DefaultAnyTopic (adv3Lite)

I may need to email Eric Eve about this, but I figured I’d start here, on the off-chance that someone may have a wonderful suggestion.

One of the things a player ran into in my Comp game is that after the wizard is asleep, commands that are not understood by the parser will always trigger his DefaultAnyTopic. This happens because the Actor’s ActorState mechanism is still active. Here’s an example from my test game. First the output:

The Lab
A not entirely sterile room filled with bubbling retorts, oscilloscopes, and discarded candy wrappers. 

You can see a trash can, a duck, a hammer, and a plank here.

A hamster is curled in the corner, snoring gently. 

>talk to hamster
You now have the hamster’s attention. 

>whistle at duck
The hamster is snoring. Best leave him alone.

The line, “You now have the hamster’s attention,” indicates that the hamster’s conversation nodes have been activated. In the test scenario, that’s a second problem, but we can ignore that. The problem is the last response. Here’s the code:

 + hamster: Actor 'hamster; cute little; rodent critter'
    "It's cuddly. "
;
++ hamsterSnoozing: ActorState
    isInitState = true
    specialDesc = "A hamster is curled in the corner, snoring gently. "
    stateDesc = "Not unlike the proverbial dormouse, the hamster appears to be
        fast asleep. "
;
+++DefaultAnyTopic
    "The hamster is snoring. Best leave him alone. "
;

I tried replacing the DefaultAnyTopic with a DefaultAskTellTopic and a DefaultGiveShowTopic, but that doesn’t help. The parser still tries to route the not-understood input to the hamster, but because he no longer has a DefaultAnyTopic, now the response to “whistle at duck” is, “The hamster does not respond.” Arrggh!

I don’t know enough about adv3Lite’s internals to figure this out. Stepping through stuff in Workbench is possible, but extremely tedious. Also humbling, when you realize the library goes through easily a hundred calls to methods before the output is printed.

It seems to me the basic issue is that the conversation doesn’t end. For example, I tested your scenario:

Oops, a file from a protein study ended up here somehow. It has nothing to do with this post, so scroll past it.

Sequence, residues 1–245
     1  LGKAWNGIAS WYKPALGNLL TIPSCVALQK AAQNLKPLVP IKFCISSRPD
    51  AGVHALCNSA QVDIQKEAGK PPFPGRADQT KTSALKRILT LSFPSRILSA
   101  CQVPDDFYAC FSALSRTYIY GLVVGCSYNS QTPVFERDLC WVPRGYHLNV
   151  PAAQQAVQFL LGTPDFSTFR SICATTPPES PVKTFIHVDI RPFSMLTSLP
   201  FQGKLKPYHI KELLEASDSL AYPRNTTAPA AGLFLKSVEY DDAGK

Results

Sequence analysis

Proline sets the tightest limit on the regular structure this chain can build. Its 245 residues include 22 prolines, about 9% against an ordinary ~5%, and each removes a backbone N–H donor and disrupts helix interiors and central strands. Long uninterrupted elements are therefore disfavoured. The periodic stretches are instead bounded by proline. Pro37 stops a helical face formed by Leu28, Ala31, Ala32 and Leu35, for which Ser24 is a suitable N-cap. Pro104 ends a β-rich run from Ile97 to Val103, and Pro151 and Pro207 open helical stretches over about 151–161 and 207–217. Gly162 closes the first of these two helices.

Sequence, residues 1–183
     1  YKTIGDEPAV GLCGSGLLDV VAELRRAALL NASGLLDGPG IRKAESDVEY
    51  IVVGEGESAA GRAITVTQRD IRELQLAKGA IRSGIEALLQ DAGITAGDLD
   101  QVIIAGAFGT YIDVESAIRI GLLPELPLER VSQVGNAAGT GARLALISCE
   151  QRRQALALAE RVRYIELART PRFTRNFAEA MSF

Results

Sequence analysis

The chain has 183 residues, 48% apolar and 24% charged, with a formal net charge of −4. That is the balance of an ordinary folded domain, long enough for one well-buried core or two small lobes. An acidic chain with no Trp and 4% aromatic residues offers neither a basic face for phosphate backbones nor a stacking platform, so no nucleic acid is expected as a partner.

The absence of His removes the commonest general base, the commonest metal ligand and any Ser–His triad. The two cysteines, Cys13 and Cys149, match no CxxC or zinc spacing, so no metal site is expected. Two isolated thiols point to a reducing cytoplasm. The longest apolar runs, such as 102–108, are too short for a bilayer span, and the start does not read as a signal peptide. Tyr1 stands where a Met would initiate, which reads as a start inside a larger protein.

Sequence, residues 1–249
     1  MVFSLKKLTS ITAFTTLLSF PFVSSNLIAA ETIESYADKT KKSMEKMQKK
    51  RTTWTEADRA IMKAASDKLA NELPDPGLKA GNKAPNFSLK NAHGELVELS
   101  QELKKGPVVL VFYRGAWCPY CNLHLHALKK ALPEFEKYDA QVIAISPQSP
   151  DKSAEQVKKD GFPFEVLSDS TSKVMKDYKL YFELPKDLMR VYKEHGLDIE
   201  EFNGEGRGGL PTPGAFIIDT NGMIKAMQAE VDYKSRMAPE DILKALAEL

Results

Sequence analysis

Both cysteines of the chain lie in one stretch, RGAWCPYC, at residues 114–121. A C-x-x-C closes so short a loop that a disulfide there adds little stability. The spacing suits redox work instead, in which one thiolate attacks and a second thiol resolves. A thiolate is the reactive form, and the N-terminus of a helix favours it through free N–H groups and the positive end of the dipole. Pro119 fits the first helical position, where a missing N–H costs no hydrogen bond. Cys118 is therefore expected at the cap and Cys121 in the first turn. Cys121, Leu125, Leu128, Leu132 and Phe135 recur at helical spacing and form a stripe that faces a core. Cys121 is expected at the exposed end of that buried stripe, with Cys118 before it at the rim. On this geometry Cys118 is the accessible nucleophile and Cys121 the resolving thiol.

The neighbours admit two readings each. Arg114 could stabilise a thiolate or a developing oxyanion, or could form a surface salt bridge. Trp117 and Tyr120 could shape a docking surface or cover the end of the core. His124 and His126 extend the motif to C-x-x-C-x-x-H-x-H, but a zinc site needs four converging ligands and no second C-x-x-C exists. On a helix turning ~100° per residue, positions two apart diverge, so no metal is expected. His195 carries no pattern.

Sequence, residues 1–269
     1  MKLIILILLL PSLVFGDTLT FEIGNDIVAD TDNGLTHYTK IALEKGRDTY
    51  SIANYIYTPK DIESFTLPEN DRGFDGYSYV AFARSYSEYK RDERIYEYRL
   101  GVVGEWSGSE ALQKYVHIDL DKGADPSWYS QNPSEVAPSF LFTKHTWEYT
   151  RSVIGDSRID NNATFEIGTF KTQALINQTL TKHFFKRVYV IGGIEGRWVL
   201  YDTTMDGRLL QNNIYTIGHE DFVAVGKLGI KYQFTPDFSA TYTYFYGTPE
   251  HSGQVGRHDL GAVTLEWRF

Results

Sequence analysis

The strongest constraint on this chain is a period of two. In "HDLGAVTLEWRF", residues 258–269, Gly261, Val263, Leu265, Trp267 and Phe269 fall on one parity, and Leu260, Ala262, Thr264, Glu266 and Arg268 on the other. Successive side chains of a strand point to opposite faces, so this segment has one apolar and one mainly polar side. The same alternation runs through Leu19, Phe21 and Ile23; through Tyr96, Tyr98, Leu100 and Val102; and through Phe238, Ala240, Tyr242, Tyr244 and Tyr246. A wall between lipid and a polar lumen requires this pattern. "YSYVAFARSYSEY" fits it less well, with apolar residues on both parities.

The Lab

A not entirely sterile room filled with bubbling retorts, oscilloscopes, and discarded candy wrappers.

The duck is here.

A hamster is curled in the corner, snoring gently.

talk to hamster

You now have the hamster’s attention.

whistle at duck

The hamster is snoring. Best leave him alone.

goodbye

You’re not talking to anyone.

whistle at duck

I don’t understand that command.

So I don’t think this is necessarily a bug, but a situation where a conversation is sort of half-implemented – starting, but never stopping. Unless the not-understood input should never be routed to the actor in conversation? That is to say, what’s valid conversational input?

This is an ask/tell/give/show framework. It ought NEVER to trap inputs that don’t begin with ‘ask’, ‘tell’, ‘give’, or ‘show’. When it does so, the practical result is that the player will see a nonsensical response unless the player explicitly says goodbye to the NPC first – and there is no clue at all in the game transcript that would suggest that such a step would be needed. Besides which, forcing the player to do that would be boundlessly annoying.

I might have an idea of what’s happening here; see this section of the adv3lite manual, Actors - Special Topics:

What happens here is that while there’s a conversation in progress between the player character and another actor the parser tries to interpret any command it can’t otherwise understand as the topic object of a SAY command, which allows a SayTopic to be triggered even if the player didn’t explicitly type SAY at the start of the command.

I’m sure you’re right … and I think it’s a bad design idea.

Eric has a fondness for the idea that conversations with NPCs should be modeled using greeting protocols. That is, if the PC walks into a room where the NPC is, there is no conversation going on until the PC greets the NPC. (It’s very British, I think. Not the breezy American thing at all.) And the conversation is presumed to continue until the PC leaves the room, at which point the library allows the author to set the number of turns that will pass before the NPC falls out of the InConversationState.

It’s ugly, in my opinion, but I’ve never tasked him about it because it never seemed important. But now that I see what can go wrong, I’m afraid I’m getting a bit less enchanted with the whole conversation framework.

You can trap say topics with DefaultSayTopic, so perhaps you could redirect non-understood player input from within that topic. I’m too new to adv3lite though to know how you would take that input and send it to the right “I don’t understand that” behavior.

This does seem like a common issue so I’d be surprised if Eric had overlooked it.

How would the same situation be handled in Adv3 (standard library)?

Fully concur and agree: Eric seems to have forgotten that there can be NPC which the player is already familiar…

Tangentially, I think that the charcoal burner of Heidi, esp. the, IMVHO unneeded introduction & learning his proper name complication is the steepest learning curve I noted in IF documentation I know.

Best regards from Italy,
dott. Piergiorgio.

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